Nigerian Female Musician Born In UK Given 14 Days To Leave The Country Or Be Deported (Photos)

Bumi Thomas has been told she is illegal despite being born in Glasgow and spending most of her life in the UK.

A musician born in the UK faces being kicked out of her home because of a little-known change to Home Office legislation.

Bumi Thomas was given 14 days to leave after being told she is illegal despite living here most of her life. The rising jazz star grew up thinking she was British, attended university in the UK and has legally worked and paid taxes since graduation.

However because her parents are Nigerian, she now faces deportation and being separated from her family and friends. The situation bears a chilling resemblance to the Windrush scandal, which saw many people deported in error after decades of life in the UK.

Ms Thomas was born in Glasgow in June 1983 to parents who came over from Africa in the early 1970s. In January 1983, Margaret Thatcher’s Tory government changed the British Nationality Act that removed the automatic right of citizenship for children of parents from former colonies.

The singer’s parents should have registered her but were unaware they needed to do so. In a twist of irony, Ms Thomas’ elder sister Kemi was born one year before the Act and has always had legal status.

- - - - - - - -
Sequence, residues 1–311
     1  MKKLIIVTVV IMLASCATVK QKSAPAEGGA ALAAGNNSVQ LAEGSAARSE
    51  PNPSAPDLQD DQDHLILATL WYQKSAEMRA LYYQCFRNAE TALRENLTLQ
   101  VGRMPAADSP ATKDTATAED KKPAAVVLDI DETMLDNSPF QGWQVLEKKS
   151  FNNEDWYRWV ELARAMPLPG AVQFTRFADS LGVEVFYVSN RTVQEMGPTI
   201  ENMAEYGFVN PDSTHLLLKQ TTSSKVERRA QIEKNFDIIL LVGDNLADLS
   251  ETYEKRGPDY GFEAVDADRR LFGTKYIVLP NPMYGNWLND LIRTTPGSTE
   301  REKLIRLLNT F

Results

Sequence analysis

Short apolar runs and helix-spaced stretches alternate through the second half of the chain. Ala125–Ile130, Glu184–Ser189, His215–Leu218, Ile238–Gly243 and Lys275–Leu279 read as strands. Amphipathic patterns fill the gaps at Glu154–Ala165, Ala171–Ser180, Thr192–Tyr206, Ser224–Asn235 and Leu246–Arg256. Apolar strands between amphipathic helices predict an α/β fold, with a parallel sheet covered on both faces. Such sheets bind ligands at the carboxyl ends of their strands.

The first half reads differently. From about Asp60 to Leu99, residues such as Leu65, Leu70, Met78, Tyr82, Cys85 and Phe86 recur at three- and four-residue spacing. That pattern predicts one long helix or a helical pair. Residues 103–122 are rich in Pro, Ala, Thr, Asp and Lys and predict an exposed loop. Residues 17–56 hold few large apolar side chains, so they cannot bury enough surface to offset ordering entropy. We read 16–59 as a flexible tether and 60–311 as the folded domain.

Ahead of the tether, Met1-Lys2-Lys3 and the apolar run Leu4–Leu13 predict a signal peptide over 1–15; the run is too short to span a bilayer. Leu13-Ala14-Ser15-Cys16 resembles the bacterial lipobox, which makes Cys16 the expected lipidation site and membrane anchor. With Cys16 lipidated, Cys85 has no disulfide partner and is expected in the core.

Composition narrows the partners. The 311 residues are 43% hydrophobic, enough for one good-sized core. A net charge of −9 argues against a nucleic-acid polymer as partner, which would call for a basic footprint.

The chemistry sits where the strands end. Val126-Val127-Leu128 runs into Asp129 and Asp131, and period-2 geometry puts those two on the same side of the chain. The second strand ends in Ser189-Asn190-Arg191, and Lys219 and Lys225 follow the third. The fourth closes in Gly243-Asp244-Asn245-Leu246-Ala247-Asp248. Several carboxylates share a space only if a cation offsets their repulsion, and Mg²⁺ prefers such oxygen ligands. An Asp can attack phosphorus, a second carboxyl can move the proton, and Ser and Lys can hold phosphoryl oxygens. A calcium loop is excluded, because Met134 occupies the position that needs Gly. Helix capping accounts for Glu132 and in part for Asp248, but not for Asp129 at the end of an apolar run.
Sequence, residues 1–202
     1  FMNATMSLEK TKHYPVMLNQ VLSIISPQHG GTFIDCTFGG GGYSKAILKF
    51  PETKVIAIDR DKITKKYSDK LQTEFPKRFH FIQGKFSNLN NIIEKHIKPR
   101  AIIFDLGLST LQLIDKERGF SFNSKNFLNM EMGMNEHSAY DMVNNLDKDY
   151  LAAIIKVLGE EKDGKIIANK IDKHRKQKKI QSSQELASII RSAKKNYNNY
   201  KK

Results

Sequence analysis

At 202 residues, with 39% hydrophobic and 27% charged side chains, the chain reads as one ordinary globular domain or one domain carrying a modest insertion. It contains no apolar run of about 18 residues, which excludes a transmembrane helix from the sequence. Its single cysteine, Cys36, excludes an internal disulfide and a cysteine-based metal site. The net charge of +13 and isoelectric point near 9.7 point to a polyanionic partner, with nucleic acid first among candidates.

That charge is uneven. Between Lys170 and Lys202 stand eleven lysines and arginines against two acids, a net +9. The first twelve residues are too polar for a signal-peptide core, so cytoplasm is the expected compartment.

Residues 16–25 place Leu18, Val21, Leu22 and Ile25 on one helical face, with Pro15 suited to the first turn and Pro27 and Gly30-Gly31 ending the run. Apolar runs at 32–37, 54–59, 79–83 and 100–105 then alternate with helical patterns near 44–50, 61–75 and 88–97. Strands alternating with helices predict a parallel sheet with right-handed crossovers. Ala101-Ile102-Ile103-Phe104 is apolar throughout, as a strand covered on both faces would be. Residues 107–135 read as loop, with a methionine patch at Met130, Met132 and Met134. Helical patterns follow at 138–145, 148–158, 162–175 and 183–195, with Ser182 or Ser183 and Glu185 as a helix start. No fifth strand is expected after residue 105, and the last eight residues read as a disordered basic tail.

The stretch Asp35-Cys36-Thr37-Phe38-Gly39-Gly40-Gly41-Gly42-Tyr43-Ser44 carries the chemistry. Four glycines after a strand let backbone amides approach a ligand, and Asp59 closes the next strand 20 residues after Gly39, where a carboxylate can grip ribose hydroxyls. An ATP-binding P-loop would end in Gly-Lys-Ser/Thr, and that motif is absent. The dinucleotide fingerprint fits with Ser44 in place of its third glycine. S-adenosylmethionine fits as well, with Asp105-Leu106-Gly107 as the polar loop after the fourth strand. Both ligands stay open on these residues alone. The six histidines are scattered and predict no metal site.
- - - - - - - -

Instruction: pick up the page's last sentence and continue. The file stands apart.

The musician, 36, believes she is a victim of an increasingly hostile attitude by the Home Office to migrants in the UK. She told the Mail on Sunday: ‘My parents came here at the end of the Windrush era. ‘I had a National Insurance number, I had my birth certificate, I’d got a driving licence, a bank account, I went to college.

‘At no point during that process was there any indication I was doing anything incorrectly.’ Speaking to Metro.co.uk, she continued: ‘I have never had any question in my mind that I’m British and Scottish. ‘And that’s something I’m proud of. But according to a piece of paper, suddenly what I think about myself isn’t valid. It’s an illusion.’

At the age of three-and-a-half, Ms Thomas and her family returned to Nigeria. She came back to the UK as a teenager, thinking she automatically had dual British-Nigerian nationality.

After graduating with a degree in fine arts from Bath Spa University she began to work and moved to London, where she now lives with her sister.

It was only at the age of 25 when she went to apply for her UK passport that she was told she was never registered as British. The Home Office was told she had technically overstayed in an illegal capacity.

Ms Thomas said her case was classed as ‘complex’ and she was told to use human rights legislation rather than immigration laws to fight it. That marked the start of an ‘exhausting and expensive’ decade-long legal battle.

Two weeks ago she received a letter from the Home Office saying her application for permanent residency had been unsuccessful. She was given 14 days to appeal or face detention without notice.

Ms Thomas has since lodged an appeal and is awaiting a court hearing. The musician, who has performed at the Royal Festival Hall and London Palladium, continued: ‘My parents had no idea of the law change.

The post Nigerian Female Musician Born In UK Given 14 Days To Leave The Country Or Be Deported (Photos) appeared first on Naijaloaded | Nigeria’s Most Visited Music & Entertainment Website.

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